Font font = Font.FromLogFont(lf);
//Fill the background
using(SolidBrush b = new SolidBrush(this.BackColor))
this.offGfx.FillRectangle(b, new Rectangle(0,0,this.Width,this.Height));
//Get the middle of the screen
Point point = new Point(Screen.PrimaryScreen.WorkingArea.Width / 2,
this.chkStrikeout.Top / 2 );
//String format is a new class for CF2.0. Here we need to specify to not wrap the text
//and to not clip the text if it is outside the bounds
StringFormat sf = new StringFormat(StringFormatFlags.NoWrap | StringFormatFlags.NoClip);
//Draw the text
using (SolidBrush brush = new SolidBrush(Color.Red))
this.offGfx.DrawString(this.txtDraw.Text, font, brush, point.X, point.Y, sf);
//Force the screen to repaint
It’s a little more work drawing rotated/angled text using CF2.0 but the end result is the same as previous.RotatedText1.zip (14.21 KB)
Here is a list of known issues for design time controls. If you find more please let us know. These will all be fixed in the next Beta release
Issue 1: When a smartlist is dropped on a form the size is 0,0
Workaround: Resize the control to a appropriate size.
Issue 2: When deleting a combobox2 from a form a coredll error is thrown
Workaround: Click OK and the combobox will be deleted from the form
Issue 3: When deleting an either an inkx or voicerecorder control it looks like the Paint of the base class gets run. It will render on the form but you can’t select, move, delete the control and there is no variable declared for it.
Workaround: After you delete the control, save the form and close the form in designer and re-open it. The control rendering will be gone.
Issue 4: StatusBar/StatusBarPanel still needs to be ported
Workaround: Create the control manually through code. This will be resolved in the next release.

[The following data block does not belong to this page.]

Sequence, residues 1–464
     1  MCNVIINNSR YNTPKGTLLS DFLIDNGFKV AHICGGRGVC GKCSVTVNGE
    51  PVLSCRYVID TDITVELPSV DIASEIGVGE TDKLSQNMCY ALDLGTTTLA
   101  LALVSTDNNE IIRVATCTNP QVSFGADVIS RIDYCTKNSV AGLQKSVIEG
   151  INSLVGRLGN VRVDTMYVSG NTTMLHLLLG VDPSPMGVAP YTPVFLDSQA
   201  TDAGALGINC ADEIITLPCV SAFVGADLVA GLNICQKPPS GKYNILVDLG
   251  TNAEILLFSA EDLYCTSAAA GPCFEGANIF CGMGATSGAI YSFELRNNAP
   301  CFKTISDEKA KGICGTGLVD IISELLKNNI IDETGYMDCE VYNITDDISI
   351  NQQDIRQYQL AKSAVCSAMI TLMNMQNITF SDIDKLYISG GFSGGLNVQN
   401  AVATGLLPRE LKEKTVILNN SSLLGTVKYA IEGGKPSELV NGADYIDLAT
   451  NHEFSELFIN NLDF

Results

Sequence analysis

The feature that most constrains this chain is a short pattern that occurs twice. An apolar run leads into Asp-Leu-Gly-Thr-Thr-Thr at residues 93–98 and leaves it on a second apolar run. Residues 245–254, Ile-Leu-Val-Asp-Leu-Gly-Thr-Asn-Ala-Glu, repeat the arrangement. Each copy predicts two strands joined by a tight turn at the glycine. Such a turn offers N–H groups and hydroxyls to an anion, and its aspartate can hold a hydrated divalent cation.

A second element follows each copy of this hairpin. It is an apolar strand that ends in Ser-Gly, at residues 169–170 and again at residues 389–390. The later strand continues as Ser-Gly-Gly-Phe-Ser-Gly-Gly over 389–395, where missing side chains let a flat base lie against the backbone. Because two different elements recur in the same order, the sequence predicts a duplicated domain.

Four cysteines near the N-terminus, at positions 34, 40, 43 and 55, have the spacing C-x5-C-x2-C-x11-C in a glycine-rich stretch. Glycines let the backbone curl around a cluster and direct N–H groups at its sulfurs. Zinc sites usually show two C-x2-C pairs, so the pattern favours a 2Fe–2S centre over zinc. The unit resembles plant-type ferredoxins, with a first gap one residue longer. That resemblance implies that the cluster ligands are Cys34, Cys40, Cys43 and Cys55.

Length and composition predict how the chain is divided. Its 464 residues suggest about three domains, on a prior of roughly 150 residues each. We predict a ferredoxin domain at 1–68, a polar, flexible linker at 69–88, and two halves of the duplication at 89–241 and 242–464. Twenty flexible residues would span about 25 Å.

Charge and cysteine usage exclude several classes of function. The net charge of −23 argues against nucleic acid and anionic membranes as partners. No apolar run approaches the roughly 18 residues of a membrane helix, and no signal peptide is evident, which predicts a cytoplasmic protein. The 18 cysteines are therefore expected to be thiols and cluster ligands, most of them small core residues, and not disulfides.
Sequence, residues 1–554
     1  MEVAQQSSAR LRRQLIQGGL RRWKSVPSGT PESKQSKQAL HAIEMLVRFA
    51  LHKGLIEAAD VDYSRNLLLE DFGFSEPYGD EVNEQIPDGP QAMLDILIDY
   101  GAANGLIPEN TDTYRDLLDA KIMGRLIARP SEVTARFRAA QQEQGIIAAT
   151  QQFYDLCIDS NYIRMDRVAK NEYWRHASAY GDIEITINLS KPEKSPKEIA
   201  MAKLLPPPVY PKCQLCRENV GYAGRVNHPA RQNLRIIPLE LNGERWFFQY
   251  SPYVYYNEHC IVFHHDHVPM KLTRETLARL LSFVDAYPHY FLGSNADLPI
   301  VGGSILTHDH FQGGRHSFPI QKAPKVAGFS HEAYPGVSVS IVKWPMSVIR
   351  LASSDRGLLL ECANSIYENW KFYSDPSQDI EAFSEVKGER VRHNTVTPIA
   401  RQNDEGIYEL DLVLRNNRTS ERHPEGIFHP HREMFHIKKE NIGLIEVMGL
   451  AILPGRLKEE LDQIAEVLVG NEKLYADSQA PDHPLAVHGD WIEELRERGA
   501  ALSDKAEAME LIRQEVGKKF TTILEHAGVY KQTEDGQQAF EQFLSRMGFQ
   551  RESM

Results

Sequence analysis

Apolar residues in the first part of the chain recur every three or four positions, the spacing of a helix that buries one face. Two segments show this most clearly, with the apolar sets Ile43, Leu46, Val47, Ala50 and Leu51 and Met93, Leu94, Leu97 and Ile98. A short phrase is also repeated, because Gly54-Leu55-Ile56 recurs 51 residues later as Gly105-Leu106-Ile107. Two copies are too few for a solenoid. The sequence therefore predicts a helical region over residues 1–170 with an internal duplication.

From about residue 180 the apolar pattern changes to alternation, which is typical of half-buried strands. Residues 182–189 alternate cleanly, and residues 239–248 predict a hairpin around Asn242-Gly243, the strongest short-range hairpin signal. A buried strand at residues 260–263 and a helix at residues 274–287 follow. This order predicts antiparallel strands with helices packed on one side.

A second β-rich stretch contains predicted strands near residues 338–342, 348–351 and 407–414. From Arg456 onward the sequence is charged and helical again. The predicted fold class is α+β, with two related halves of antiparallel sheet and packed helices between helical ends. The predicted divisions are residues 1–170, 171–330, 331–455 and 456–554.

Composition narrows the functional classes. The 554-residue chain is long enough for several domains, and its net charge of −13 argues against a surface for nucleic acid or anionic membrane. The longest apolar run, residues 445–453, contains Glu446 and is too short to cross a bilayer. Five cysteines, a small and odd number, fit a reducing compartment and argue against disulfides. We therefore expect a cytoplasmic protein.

Issue 5: ColorDialog has no design time support
Workaround: Create the control manually through code. We are working on this issue and hoping to have a resolution by release.
Smart Device Framework 2.0 Beta 1 from OpenNETCF has been released. We have worked really hard to getting this ready and the redistributables for Beta 1 are now available. The SDF2.0 documentation is also available online.
A lot of work was done throughout the whole SDF but some of the major changes was supporting the the new design time framework for controls for Visual Studio 2005. Throughout the process we also decided to change some of the class names that ended with ‘Ex’ to ‘2’. For example, OpenNETCF.Windows.Forms.ProgressBarEx is now OpenNETCF.Windows.Forms.ProgressBar2.
There are still some remaing minor issues with some controls and design time support for Visual Studio 2005. See this post for some of those issues.
Also, check out the new Licensing Class available in the SDF 2.0. It works the same as the full framework class so if you are looking to license your .NETCF application to your users this will help.
In a future post I will be writing some tips for creating and migrating controls for Visual Studio 2005.